By Bonnie Hutchinson
I didn’t know what to expect, knowing I was going to speak with a woman who lost her son to suicide two years ago.
I could not imagine that intensity of pain. She was talking about sadness.
“I’ve been to counselling and a mental health worker,” she said. “My mental health is fine. And I’m not depressed. But I am very sad. I have a lot to be sad about.” She said that without a trace of self-pity. It was simply an observation.
She’s a public figure in her community, and active on Facebook. She made a conscious decision to post what was happening–what she felt, what she thought, some of the surreal incidents that came in the months after her son’s death. She said, “I decided my son is too important for this to be private. My love for him is too important for this to be private.” She said other things too–things that only a person who has been tempered by intense pain and grief could say.
People have said, “I don’t know what to say.” Her advice: You don’t need to say anything except “I’m sorry this happened.” People have said, “I don’t know how I can help.” Her advice: You don’t need to do anything except just be there. “Nobody can fix this,” she says. “It’s not fixable. I know I’m going to be experiencing grief for the rest of my life.”
But people just being there–somehow that makes the unbearable bearable. A while ago she gathered up all the Facebook posts and put them into a book. The book is called, “Bearing Witness.”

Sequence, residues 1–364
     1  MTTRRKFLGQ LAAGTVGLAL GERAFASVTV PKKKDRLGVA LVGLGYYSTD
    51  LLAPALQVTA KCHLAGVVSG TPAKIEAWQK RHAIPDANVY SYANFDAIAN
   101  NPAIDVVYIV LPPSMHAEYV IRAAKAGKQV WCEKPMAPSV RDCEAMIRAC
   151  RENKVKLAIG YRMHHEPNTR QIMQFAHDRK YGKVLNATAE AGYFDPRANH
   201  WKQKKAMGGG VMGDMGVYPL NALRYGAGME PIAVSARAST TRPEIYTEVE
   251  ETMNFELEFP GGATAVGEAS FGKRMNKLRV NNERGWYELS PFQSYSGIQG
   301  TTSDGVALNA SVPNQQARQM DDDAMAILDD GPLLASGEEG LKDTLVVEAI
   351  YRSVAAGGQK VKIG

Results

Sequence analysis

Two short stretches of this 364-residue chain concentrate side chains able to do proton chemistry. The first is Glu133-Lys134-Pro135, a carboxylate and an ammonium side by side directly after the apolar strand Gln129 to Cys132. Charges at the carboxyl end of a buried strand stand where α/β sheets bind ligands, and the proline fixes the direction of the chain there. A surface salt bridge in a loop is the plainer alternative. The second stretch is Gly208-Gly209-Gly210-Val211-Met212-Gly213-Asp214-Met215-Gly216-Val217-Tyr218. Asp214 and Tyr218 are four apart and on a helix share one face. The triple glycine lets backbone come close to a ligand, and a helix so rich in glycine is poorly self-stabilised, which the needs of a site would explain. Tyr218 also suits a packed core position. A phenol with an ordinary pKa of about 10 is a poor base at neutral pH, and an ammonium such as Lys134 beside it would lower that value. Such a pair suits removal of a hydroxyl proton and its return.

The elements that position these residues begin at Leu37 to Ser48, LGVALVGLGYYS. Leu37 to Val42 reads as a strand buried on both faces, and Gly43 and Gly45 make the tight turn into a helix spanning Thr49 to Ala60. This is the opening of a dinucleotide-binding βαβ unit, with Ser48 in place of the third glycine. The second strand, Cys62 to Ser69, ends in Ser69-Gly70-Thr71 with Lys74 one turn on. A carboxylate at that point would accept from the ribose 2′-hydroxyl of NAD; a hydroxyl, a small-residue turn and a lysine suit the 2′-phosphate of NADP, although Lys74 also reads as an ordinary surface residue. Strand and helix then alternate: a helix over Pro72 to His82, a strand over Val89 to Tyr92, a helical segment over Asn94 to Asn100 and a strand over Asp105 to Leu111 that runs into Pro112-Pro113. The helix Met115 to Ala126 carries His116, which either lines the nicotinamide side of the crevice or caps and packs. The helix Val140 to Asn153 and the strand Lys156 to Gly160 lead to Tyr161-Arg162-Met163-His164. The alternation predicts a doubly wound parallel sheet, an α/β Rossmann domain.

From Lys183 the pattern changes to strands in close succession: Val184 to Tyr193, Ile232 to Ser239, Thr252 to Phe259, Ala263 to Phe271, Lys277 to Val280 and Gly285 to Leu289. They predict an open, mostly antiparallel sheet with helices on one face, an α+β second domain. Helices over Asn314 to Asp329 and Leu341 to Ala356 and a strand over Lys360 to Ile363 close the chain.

Another story. A man in his sixties came to a chartered psychologist with an unusual request. He did not need or want any kind of counselling or advice. He wanted to speak out loud to another human being about what he had experienced in residential schools. He said, “I want someone to bear witness.”
They had three appointments at which he spoke of his experiences. The psychologist simply listened.
The psychologist is forever altered by hearing his experiences. The man is forever altered to have had someone “bear witness” to what had previously been unspeakable.
This is the stuff of grown-ups. No facile explanation; there is no explanation. No trite words of comfort; there is no comfort. No quick fixes; no fixes at all. This is not something that can be fixed.
Perhaps, just perhaps, what it behooves us grown-ups to do is to be with the pain–our own and other people’s. Simply acknowledge. Simply bear witness.
It’s not a fix and it’s not a solution. But it is a profound and courageous human gift. And maybe, just maybe, if we acknowledge and bear witness, to our own pain and others’ pain, we can perhaps move on.
This is something I have learned in more than seven decades: Unacknowledged pain does not go away. If we keep trying to suppress it, deny it or distract ourselves from it, it will begin to show up in other forms. Anger. Fear. Apathy. Physical illness. Depression. Despair. Cynicism. Blaming. But unacknowledged pain does not go away.
I have seen people weep, not with sadness but with relief, when someone says, “I’m sorry this happened. I’m sorry you had to experience this.”
When pain–our own or other people’s–is acknowledged, when someone will bear witness, the situation may not change but somehow the pain is easier to bear.
I have lived long enough to see that on the other side of pain, when pain is acknowledged, what often emerges is compassion. Compassion for ourselves and compassion for others.
Compassion changes everything. Compassion makes impossible things possible. Compassion can heal wounds and end wars. Compassion is good for the soul and good for the body. That is the gift of bearing witness.
I’d love to hear from you. If you have comments about this column or suggestions for future topics, send an email to Bonnie@BonnieHutchinson.com. I’ll happily reply within one business day.